Yet even for Catholics whose relationships put them in a perpetual state of mortal sin, individual conscience and church authority are often in fierce tension. In practice, LGBT Catholics often rely on their own consciences in determining whether they will go forward for Communion. In some locales, it is common enough for partnered gays and lesbians to receive Communion that it only makes news when they are turned away.

Meanwhile, Bryan Cross and company have yet to recognize a dilemma that cost a night’s sleep.

Sola Scriptura Has Its Moments

Carson Holloway explains why the Roman Catholic Church teaches what it does about marriage and divorce (and in doing so sounds like a Protestant):

It turns out, then, that the Church’s rather rigorous teaching on marriage is based not on the words of some little known celibate old man, but on the words of one very well known and important celibate young man. The teaching is based on the words of Jesus Christ, whom faithful Catholics believe to be God. Perhaps, then, Christians at least, and even all those people who claim to respect Jesus as a moral teacher, could cut the Church some slack and acknowledge that it has good reason to think that it is not just imposing some man-made morality on human beings but in fact preserving what was delivered to her by her divine founder.

And there you have the logic of Protestantism, a form of reasoning that makes sense to most Christians unless they are trying to protect the prerogatives of specific offices. Sometimes the word of God really is a lot more compelling than the word of men (even episcopal ones).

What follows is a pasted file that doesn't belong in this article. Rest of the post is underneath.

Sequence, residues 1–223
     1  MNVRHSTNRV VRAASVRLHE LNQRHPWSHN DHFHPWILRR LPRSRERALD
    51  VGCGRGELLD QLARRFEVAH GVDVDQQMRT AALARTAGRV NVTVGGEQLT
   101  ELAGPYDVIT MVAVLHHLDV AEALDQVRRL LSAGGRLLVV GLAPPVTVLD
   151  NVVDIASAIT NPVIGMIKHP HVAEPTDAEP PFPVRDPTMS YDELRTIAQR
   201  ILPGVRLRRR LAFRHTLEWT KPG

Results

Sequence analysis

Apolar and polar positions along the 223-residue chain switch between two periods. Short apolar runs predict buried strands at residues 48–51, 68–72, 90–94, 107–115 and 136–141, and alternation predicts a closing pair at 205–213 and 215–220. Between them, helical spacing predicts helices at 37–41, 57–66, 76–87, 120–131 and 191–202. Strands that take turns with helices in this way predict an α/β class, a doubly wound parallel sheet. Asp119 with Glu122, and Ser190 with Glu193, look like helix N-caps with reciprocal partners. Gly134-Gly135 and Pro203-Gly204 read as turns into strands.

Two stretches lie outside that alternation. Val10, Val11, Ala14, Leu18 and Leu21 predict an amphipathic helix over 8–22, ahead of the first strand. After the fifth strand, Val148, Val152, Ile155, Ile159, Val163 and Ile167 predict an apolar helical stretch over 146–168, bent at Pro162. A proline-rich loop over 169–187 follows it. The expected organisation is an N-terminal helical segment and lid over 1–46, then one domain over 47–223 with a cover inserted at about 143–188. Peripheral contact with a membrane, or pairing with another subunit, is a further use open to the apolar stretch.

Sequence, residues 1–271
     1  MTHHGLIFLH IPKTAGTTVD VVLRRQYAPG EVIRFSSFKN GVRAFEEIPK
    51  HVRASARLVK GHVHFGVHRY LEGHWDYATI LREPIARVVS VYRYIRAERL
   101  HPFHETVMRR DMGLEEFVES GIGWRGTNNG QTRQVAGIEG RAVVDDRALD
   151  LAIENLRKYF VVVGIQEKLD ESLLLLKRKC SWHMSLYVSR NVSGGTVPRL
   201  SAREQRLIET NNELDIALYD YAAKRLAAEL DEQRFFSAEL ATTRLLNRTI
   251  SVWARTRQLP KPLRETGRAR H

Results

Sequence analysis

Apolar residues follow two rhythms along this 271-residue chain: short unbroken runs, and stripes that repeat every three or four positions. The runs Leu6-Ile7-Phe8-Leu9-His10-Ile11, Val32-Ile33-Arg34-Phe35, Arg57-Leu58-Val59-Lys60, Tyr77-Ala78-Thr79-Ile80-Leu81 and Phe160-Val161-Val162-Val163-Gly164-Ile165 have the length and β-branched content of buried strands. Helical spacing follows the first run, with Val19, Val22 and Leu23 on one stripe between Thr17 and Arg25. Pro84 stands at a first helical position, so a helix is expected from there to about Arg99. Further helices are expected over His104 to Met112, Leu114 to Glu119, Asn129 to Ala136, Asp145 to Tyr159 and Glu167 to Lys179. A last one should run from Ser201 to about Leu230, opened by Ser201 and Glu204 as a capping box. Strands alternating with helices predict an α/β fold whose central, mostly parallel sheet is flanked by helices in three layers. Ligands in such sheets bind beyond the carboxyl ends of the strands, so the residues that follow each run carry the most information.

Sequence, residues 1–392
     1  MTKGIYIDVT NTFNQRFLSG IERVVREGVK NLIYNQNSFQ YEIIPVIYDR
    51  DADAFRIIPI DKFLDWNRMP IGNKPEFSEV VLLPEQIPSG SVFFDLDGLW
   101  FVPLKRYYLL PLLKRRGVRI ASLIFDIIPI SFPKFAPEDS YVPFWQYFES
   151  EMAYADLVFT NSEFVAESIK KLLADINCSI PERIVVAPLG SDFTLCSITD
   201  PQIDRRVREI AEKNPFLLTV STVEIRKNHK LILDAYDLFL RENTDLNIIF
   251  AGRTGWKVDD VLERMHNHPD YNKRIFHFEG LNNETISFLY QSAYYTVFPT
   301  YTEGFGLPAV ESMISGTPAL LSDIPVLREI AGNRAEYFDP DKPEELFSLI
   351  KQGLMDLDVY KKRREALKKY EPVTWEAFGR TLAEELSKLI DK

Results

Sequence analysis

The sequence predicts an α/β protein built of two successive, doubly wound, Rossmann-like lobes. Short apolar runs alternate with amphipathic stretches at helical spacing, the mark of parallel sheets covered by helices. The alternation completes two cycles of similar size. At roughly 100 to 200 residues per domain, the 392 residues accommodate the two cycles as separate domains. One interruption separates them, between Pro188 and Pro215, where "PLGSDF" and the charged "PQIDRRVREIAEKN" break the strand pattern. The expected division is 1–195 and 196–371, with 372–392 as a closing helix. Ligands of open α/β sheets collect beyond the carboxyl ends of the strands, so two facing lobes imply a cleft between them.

Teachers without Principals (not without principles)

On this matter of contrasting Protestant and Roman Catholic paradigms of authority, I like Jeremy Tate’s analogy of a school room. Protestants in class have no teacher, only a book. Wrong, but let’s go with it for now. Roman Catholics have a teacher and a book. Therefore, Rome has a teacher to instruct and determine the right answer.

The problem with the analogy for the folks at Called to Communion is the failure to notice that post-Vatican II Roman Catholics seem to ignore their teacher as much as Protestants behave when no classroom authority is present. Granted, a time existed, and Quebec between 1900 and 1960 is an example of that era, when Roman Catholics did heed with deference the church hierarchy. But just as Quebec secularized in the 1960s to become one of the least observant places in the West, so Roman Catholicism in the West has shown a marked hostility to the teaching authority that CTCers tout. According to Mark Noll in what is one of his best essays:

As a final element in Canada’s recent ecclesiastical history, it is important to highlight the significance of the Second Vatican Council. The role of the Council was obviously important for Canada’s Catholics, but may have been almost as significant for its Protestants. In Quebec, but also for Canadian Catholics in general, the Council was destabilizing because it rapidly altered the liturgy, the language, the music, the tone, the disciplines, and the calendrical observances that for a great part of the faithful had simply constituted the meaning of the faith. In this sense, Canada resembled Western European Catholicism, which was also disconcerted by the Council, rather than Eastern European, African, and Asian Catholicism, which was energized by its work.